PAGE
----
What do I always do when I find things beginning to whirl away from me, uncontrollably? I return to what I can control: the atmosphere of my home, the food we eat, the time I set aside for myself and the way I think. The way I feel tries really hard to obstruct the way I think. It is much more indulgent to let myself feel things and react accordingly. That must be what it is like to live like a caricature of an impassioned Italian couple, who can fight animatedly before embracing passionately, wearing their hearts on their sleeves, unapologetic. But, it's not me.
I sometimes wonder if I am too repetitive in this space, always waxing about the need to simplify, setting priorities, eating nourishing food, trying to be patient. I'm sure if I poured through my journals, it would border on concerning. "All work and no play make Jack a dull boy," could easily be written, "All yelling and no patience make me a guilty mama." But that refrain keeps repeating itself, a pattern woven through my daily thoughts, intentions and reflective writings. So each day, I pick up the pieces of the one before and start again at this set of goals I may never reach. Eat well, cuddle lots, be patient, do yoga, do what's right, show love always.
As much as it may be repetitive for you to read, remember: I do this for me. These are my records, my scrapbooks. These are the pages I will always return to when I feel a wave of nostalgia, or to reference what I did and thought the last time I found myself dealing with trouble. I love looking back at time with just Abby, or Hailey and Robin as cherubic babies, or the harried weeks after Summer was born. Each new reading gives me new clues, more clarity as I ask myself the questions, "What should I do now?" and "How did I get here?"
Deep thoughts for a rainy Tuesday afternoon.
I am trying. Always, I am trying. To be more patient when Summer breaks a plate I really loved. (So long, Beatrix Potter). To stop myself from yelling when there is so much noise around me I can hardly think and no one is listening. To stop reading articles on Jian Ghomeshi when my time would be better used doing yoga or preparing supper ahead of time. To sit and read books over and over with Summer, because she loves it. To lead Hailey and Robin through basic yoga postures named after animals when they clearly need to get some energy out. To let Abby read her own bedtime story aloud, even though it takes longer, because her beaming pride at the story's end is electric. To bite my tongue and accept rich as he is, because he is amazing, and I don't always need to be right.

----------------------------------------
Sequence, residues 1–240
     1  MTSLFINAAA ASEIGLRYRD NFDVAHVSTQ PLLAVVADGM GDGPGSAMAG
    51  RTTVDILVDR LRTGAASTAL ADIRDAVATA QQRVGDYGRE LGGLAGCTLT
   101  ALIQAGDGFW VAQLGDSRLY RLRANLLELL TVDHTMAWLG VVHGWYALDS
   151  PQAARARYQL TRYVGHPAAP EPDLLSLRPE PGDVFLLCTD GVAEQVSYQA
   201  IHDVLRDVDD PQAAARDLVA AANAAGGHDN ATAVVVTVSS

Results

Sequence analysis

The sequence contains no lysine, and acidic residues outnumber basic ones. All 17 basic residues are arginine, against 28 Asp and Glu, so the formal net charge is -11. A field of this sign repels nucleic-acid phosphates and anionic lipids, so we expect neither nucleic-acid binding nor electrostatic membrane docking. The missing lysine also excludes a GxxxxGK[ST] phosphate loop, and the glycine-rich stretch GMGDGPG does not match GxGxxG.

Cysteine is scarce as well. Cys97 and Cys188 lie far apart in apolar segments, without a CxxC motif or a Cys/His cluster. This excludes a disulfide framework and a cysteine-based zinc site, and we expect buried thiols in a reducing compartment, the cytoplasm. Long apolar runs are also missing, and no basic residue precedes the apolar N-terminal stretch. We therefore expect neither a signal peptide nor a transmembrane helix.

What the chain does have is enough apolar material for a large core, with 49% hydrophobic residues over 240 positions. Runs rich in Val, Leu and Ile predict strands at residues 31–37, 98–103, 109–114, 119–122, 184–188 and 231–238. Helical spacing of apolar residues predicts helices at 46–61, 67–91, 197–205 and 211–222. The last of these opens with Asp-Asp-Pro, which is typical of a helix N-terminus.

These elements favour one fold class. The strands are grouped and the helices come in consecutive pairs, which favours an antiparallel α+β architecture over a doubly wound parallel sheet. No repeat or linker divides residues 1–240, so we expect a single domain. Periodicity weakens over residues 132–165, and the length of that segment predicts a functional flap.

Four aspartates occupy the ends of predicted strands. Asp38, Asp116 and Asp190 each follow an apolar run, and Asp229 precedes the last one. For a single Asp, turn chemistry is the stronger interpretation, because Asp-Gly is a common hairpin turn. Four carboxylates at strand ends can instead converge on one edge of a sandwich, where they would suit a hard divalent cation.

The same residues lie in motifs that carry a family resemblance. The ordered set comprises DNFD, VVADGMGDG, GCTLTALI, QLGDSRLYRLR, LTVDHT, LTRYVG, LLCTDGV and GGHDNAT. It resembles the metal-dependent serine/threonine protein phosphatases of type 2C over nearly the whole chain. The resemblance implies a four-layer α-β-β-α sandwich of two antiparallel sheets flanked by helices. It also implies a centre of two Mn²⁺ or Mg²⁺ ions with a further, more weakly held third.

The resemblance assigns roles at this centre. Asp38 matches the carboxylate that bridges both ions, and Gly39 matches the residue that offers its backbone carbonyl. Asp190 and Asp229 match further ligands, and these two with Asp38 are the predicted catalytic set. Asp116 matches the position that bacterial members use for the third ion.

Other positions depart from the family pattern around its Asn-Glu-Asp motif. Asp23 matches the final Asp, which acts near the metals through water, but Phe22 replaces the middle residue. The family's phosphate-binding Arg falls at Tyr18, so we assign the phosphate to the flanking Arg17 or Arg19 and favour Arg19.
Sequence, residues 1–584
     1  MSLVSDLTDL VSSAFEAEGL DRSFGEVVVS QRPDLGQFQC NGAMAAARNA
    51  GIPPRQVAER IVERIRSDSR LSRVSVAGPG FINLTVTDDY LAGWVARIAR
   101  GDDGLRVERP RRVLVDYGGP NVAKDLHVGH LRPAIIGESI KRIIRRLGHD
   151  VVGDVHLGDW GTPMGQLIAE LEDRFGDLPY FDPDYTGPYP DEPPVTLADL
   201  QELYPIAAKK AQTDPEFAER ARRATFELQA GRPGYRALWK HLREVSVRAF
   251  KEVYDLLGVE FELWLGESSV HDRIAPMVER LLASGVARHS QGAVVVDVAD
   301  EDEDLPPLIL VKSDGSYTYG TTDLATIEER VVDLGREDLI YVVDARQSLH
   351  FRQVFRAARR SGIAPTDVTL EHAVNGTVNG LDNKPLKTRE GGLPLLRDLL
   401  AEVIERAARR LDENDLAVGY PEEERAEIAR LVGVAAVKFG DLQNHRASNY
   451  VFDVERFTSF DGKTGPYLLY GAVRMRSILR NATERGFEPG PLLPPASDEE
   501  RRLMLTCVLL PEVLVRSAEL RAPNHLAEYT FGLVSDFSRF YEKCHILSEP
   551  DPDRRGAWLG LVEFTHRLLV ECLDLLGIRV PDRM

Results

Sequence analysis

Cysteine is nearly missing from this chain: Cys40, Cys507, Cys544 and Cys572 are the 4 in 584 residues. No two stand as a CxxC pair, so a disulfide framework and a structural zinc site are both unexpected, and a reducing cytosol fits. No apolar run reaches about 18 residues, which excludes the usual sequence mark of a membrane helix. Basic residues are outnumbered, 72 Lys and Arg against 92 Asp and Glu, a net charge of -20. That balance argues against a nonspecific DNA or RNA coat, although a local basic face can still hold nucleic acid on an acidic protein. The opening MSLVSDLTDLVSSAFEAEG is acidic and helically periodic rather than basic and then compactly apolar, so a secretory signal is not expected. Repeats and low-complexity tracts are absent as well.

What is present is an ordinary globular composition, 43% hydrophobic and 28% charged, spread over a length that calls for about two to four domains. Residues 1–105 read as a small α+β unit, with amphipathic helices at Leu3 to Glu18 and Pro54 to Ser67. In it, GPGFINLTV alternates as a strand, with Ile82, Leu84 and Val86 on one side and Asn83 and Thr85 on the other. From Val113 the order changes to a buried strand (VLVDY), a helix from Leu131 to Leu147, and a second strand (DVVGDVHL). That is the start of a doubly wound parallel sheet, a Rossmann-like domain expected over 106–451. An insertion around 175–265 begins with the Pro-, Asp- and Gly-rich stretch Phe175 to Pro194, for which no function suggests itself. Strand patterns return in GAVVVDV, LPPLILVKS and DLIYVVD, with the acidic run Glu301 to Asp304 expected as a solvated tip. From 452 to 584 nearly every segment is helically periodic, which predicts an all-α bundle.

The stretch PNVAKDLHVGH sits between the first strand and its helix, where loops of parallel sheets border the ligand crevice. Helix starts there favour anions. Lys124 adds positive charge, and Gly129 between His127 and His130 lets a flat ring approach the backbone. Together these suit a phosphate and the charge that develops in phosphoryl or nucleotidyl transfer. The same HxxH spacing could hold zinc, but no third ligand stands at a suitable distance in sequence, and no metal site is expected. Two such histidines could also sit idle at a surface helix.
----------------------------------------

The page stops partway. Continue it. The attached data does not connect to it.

We are preparing for Halloween, excitedly. Tomorrow is pumpkin carving and painting. We've done a trial run of the costumes and face paint at a children's Halloween party over the weekend. We still have to get candy to hand out and draw straws to see which one of us stays home to give it out while the other takes the kids out. Abby has been talking over all the scary things she saw last year to build up her courage of what she might encounter this year.
Rich and I are excited, too. For the first year in many, we get to go out after the more wholesome trick-or-treating fun to a party at a friend's place. Stay tuned for our very Rich-and-Sarah costumes.